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Yoon’s leadership put to test as interim conflict deepens

Main opposition People Power Party leader cancels all activities, feeding speculations of resignation

Main opposition People Power Party presidential nominee Yoon Seok-youl (left) and the party’s Chairman Lee Jun-seok attend the party’s supreme council meeting at the National Assembly on Thursday. (Yonhap)
Main opposition People Power Party presidential nominee Yoon Seok-youl (left) and the party’s Chairman Lee Jun-seok attend the party’s supreme council meeting at the National Assembly on Thursday. (Yonhap)

The leadership of the presidential candidate of the main opposition party is being put to the test, as strife appears to deepen between the election committee and party chief.

On Tuesday, main opposition People Power Party Chairman Lee Jun-seok canceled all scheduled activities for the day without explanation, amid a growing gap between him and the party’s presidential nominee Yoon Seok-youl.

A day earlier, Lee uploaded a Facebook post, reading “If that is the case, this is it,” without elaborating. Soon after, he uploaded a separate post that in its entirety showed a text emoji of a smiling face with a thumbs-down gesture.

The unusual move has led to speculation Lee could be considering resigning from at least one of his official positions, which include co-standing chairman of the People Power Party election committee and party chairman, as he is seen being left out of Yoon’s decision-making.

Later on Tuesday, Yoon told reporters that he has asked the party’s secretary general Rep. Kweon Seong-dong to find out the reason for Lee’s actions and to talk to Lee in person. Yoon was visiting Cheongju, as part of his regional campaign rally in the Chungcheong provinces.

When asked on his thought over the controversy that he is sidelining the party chairman, Yoon said, “I do not know. I am just doing my best to do my role (as a presidential candidate).”

Since Yoon was chosen as the presidential candidate of the main conservative party early in November, he has been at odds with Lee over the formation of his election committee.

The conservative party sought to bring in veteran election campaigner Kim Chong-in, who is often referred to as a “kingmaker.” But Kim opposed Yoon’s recruitment of former interim party leader Kim Byong-joon to his campaign team. Yoon chose not to give in and instead appointed Kim Byong-joon as the co-standing chairman for the election committee, along with incumbent party chief Lee.

Lee has expressed his discontent and also raised concerns as to whether Kim Byong-joon will be able to lead the election committee to victory in the March presidential election.

“Kim Byong-joon does not have the experience of winning in a (political) battle, and I am worried about that part,” Lee said in a radio interview Monday.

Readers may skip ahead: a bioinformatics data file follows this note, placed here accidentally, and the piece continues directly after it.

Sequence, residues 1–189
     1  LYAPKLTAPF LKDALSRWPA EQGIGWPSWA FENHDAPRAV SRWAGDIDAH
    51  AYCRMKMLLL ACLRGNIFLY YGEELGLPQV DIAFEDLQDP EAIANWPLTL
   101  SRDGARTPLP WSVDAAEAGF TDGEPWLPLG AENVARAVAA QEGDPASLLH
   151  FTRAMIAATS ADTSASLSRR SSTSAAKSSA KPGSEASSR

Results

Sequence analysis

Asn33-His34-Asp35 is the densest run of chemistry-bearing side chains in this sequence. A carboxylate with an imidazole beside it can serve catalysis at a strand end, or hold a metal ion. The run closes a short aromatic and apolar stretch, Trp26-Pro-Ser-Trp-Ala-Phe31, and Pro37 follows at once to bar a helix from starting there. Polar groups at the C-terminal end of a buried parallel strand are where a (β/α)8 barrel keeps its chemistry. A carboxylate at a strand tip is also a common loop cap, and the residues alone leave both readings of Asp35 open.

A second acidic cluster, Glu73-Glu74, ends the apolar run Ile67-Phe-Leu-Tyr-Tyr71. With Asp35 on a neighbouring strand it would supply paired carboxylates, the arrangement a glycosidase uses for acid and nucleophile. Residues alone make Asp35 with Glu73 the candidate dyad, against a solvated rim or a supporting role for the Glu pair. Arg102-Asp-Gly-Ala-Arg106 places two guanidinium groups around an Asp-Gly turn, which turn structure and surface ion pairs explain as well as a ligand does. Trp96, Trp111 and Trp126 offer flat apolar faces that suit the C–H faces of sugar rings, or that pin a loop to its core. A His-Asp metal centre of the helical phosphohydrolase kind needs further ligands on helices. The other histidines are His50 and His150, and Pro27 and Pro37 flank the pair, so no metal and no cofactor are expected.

“In an election, there should be a commander leading in every sector. Kim Chong-in should take charge to deal with either the exterior campaigning or inside.”

Describing Kim Chong-in as “cattle you cannot buy even with money,” Lee added they would have to pay more than the price of the cattle now to recruit him.

Lee was also seen being sidelined as Yoon kicked off his campaign rally to visit the South and North Chungcheong provinces with Kim Byong-joon. Lee was reportedly not informed of the trip.

Yoon’s announcement on Monday to recruit Lee Soo-jung, a professor of criminal psychology at Kyonggi University, has also upset the party chairman.

Lee Jun-seok had openly opposed the recruitment of Lee Soo-jung, saying she is a figure “countering” the party’s direction.

The 36-year-old party leader has reportedly said recruitment of the professor would affect the votes of men in their 20s and 30s, who view her as a feminist.

In a radio interview Tuesday, Kim Byong-joon said Lee’s Facebook post hinting at his resignation is a “powerful message,” and the revelation of the internal dispute is “embarrassing."

“It is not good for the presidential candidate, and it is also not good for the people to watch,” Kim said.

Five-term lawmaker Hong Joon-pyo of the People Power Party, who ran in the party primary, raised his voice Tuesday, saying leaving out the chairman in the election period would only ruin their election chances.

“A party chairman should be a top commander to lead the election committee, but strangers have butted in to create a mess in the committee,” Hong said on an online platform he launched to speak with young voters.

“Casting out the party chairman will only ruin the presidential election.”

By Jo He-rim (herim@heraldcorp.com)
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